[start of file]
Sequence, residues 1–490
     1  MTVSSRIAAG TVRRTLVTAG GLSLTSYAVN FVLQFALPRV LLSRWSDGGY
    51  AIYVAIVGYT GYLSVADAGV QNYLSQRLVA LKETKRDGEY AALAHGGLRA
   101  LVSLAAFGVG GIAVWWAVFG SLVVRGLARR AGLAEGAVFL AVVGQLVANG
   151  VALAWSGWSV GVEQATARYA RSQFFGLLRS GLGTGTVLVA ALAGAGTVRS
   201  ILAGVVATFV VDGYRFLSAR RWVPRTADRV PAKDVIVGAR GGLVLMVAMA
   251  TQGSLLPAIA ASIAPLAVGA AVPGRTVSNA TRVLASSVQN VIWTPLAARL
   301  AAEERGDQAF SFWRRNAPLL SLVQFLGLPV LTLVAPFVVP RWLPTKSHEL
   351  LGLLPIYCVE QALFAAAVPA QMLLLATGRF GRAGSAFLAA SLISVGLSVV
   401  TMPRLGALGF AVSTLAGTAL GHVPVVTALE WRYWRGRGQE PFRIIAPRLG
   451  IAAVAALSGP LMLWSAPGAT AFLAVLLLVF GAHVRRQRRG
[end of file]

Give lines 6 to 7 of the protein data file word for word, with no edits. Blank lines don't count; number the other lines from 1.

   201  ILAGVVATFV VDGYRFLSAR RWVPRTADRV PAKDVIVGAR GGLVLMVAMA
   251  TQGSLLPAIA ASIAPLAVGA AVPGRTVSNA TRVLASSVQN VIWTPLAARL